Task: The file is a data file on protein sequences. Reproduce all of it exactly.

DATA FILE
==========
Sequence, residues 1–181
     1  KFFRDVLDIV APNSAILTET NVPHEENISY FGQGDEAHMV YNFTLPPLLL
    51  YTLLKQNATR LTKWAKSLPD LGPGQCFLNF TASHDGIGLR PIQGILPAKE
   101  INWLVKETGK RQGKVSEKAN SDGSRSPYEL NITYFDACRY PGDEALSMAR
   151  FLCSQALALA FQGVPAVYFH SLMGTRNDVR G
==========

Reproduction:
Sequence, residues 1–181
     1  KFFRDVLDIV APNSAILTET NVPHEENISY FGQGDEAHMV YNFTLPPLLL
    51  YTLLKQNATR LTKWAKSLPD LGPGQCFLNF TASHDGIGLR PIQGILPAKE
   101  INWLVKETGK RQGKVSEKAN SDGSRSPYEL NITYFDACRY PGDEALSMAR
   151  FLCSQALALA FQGVPAVYFH SLMGTRNDVR G